Smoking and Health Risk
Thursday, May 7, 2009
We all know smoking is bad for a personís health but a study has found that it may be more than just a personís lungs that are at-risk. Dr. Edward Hill tells more about the study in todayís 60 Second Housecall.
It is widely accepted that tobacco smoke causes most lung cancer deaths. A study of data from the National Center for Health Statistics concluded that tobacco smokeóincluding secondhand smokeómay also contribute to non-lung cancers more than previously thought.
Researchers compared death rates from lung cancer to death rates from other cancers from 1979 to 2003 among Massachusetts males. Their analysis revealed that the two rates changed in tandem year-by-year from 1979 to 2003.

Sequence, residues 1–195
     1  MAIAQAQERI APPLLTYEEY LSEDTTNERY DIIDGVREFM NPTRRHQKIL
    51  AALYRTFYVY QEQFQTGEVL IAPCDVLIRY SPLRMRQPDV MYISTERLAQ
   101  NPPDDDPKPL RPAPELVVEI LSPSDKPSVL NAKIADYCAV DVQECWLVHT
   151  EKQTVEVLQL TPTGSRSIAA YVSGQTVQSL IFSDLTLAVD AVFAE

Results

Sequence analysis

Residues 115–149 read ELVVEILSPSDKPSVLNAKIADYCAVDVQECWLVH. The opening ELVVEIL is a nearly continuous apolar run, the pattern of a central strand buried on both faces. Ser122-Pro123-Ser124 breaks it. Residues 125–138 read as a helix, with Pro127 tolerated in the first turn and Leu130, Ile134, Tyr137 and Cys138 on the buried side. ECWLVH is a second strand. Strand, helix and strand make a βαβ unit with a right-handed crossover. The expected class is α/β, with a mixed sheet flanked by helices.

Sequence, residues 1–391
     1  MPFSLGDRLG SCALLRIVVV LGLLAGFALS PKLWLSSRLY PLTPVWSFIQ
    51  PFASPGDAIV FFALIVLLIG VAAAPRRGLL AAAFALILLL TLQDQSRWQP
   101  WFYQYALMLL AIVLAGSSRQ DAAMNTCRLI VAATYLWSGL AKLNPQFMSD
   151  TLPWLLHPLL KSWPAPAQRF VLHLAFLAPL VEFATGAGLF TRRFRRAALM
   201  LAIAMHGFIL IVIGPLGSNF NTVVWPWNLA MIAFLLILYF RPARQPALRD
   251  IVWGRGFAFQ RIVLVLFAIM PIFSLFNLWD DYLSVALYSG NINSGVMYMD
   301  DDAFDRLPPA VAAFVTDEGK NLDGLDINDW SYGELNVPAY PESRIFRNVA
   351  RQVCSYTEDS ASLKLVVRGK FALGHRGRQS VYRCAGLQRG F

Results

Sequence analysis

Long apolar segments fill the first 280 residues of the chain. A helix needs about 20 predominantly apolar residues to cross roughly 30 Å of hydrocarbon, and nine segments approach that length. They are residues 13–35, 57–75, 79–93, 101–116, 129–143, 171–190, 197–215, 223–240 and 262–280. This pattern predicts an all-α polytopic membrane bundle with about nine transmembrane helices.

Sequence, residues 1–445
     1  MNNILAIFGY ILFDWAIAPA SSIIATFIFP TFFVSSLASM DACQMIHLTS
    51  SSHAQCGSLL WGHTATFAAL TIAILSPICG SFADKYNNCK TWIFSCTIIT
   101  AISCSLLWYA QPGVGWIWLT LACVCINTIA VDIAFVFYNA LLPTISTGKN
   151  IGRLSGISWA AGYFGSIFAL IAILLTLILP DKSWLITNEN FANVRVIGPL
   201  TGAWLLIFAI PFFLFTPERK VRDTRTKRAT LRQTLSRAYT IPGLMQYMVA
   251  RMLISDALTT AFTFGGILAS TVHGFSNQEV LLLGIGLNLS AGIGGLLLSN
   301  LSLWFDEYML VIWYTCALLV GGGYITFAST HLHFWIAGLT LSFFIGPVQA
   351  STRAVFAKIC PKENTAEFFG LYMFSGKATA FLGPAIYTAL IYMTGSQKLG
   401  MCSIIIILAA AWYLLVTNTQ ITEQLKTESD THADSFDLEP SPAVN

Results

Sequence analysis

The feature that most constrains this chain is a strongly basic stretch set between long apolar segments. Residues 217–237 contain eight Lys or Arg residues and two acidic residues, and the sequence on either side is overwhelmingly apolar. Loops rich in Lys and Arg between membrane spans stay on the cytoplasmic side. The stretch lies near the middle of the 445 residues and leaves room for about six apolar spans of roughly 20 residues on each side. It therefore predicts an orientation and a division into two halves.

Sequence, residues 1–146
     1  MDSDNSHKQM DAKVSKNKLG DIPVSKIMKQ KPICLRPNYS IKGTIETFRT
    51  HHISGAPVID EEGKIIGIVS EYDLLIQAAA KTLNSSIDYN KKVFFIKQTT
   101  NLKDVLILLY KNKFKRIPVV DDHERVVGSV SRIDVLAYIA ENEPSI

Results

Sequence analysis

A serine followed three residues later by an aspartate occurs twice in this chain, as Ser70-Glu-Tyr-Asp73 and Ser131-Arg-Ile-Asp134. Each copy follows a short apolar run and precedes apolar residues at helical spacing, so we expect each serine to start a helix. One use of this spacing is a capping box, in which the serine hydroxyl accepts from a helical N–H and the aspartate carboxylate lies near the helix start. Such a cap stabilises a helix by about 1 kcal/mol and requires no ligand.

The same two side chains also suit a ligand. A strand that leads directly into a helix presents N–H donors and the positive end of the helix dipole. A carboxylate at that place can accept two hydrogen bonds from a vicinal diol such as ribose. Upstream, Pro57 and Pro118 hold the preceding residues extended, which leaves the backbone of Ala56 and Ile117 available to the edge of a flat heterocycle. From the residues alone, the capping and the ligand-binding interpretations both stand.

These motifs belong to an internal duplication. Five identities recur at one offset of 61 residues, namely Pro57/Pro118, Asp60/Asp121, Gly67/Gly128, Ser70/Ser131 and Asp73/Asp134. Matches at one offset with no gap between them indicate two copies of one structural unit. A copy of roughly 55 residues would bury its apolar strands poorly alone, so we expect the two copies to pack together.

The researchers concluded that the close relationship between the rates suggests that they have the same cause, which is tobacco smoke.
The fact that lung and non-lung cancer death rates are almost perfectly associated means that smokers and nonsmokers alike should do what they can to avoid tobacco smoke.
Cigarette smoking is the most important preventable cause of premature death in the United States.
Researchers suggested that increased attention should be paid to smoking prevention in health care reforms and health promotion campaigns.
For North Mississippi Medical Center, Iím Dr. Edward Hill.